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The current events in Lebanon underscore the importance of Save the Children's work with children, adolescents, youth and families in Lebanon where Save the Children has been responding to emergency and development needs since 1953. At a time of instability and uncertainty, Save the Children's network of partners in Lebanon is implementing the approaches developed during past emergencies to create effective safe spaces for children, adolescents, youth and families in need.
Throughout the south, community centers run by our partner Development for People and Nature Association (DPNA) remain open and are providing safe spaces for the community. As events unfold, young people trained through Save the Children's leadership program are using their leadership skills to facilitate peer discussion groups and continue to build bridges across sectarian divides. More than 200 young people have participated in these safe space activities in the first two days of the crisis.
In Akkar, in the north, schools supported by Save the Children's partner INMA are planning discussion groups and community activities to support students affected by the rapidly changing events. Drawing on the skills and knowledge that they gained through Save the Children's civic engagement and leadership programs, teachers and peer facilitators will work with younger students once schools resume.
The Our Voice project in Beirut, supported by Save the Children, is maintaining its peer support network and media outreach network during these challenging times. The strong support network created by this leading group of 25 youth with multiple physical, emotional and mental challenges is enabling them to better cope with the situation. As a media and disability rights project, Our Voice empowers young people to take positive, rights-based action in their communities. Actions such as preparing news articles, photo essays and other media materials give young people a positive sense of purpose and direction at times of crises.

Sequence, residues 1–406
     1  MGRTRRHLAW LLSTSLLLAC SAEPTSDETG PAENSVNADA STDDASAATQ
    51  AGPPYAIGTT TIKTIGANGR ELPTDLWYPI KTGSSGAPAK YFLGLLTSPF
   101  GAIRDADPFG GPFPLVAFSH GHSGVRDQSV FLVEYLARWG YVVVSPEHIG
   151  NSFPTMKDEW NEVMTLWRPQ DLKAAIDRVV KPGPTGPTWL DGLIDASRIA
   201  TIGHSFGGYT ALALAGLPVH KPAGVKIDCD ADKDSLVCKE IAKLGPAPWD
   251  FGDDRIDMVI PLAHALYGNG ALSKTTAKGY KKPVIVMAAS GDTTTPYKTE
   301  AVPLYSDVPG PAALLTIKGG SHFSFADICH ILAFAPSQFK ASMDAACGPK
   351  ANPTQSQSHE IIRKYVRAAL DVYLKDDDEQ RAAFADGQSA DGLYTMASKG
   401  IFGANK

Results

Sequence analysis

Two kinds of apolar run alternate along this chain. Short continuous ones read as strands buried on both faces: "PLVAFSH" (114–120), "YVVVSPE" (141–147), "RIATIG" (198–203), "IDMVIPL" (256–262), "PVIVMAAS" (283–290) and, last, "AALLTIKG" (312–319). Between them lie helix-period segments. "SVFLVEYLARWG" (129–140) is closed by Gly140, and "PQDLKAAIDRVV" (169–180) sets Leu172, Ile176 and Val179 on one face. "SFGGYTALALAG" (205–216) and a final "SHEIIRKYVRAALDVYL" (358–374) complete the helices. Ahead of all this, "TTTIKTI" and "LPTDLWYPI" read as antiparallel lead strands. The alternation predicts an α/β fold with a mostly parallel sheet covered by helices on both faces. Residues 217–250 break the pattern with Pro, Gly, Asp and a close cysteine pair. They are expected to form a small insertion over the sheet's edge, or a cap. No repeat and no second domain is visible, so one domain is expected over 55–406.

As the situation evolves, Save the Children will continue to work with its partners to monitor and respond to the needs of children, adolescents and youth and their families. More than 1,000 young people trained through Save the Children's leadership and civic engagement programs are ready and able to work with its partners to meet these emerging needs.
Save the Children will continue to focus on providing safe spaces for children, adolescents and youth and engaging them in community-based activities that put their skills into action.
Community Youth Development Programs
Supported by the Ford Foundation, Naseej ("Weaving" in Arabic) is a regional community youth development initiative that are being implemented in Egypt, Jordan, Lebanon, West Bank/ Gaza and Yemen. Naseej aims at supporting and strengthening initiatives that build healthy communities, and increase support for Arab youth as active agents for change in their communities throughout the MENA region. Naseej provides sub grants to community youth development initiatives and activities at the community level, enables the exchange of experience between and amongst youth, youth workers and organizations, and raises awareness of youth leadership in the region.
While Lebanon's youth are considered one of the most active in the region, the July 2006 war further elaborated the active volunteerism of youth in relieving the Lebanese people pains and distresses.
Naseej supported programs in Lebanon enhance community youth development through about 6-7 projects that cover a wide spectrum of activities and themes, mainly community health, recreational activities for children, education, psycho-social support for traumatized populations, reconciliation among youth from various political and religious backgrounds, and support for the disabled and elderly, in a relatively wide geographical distribution (North, South, Bekaa, Mount Lebanon and Beirut).
Projects are partially led by youth throughout the project cycle, some of the projects are done by youth to benefit and work with adults and communities; others benefit children, while others address issues of political reconciliation among youth themselves. All of Naseej supported programs reflect the need to mitigate the effects of trauma, the feelings of powerlessness, resentment, fear, and uncertainty amongst young people.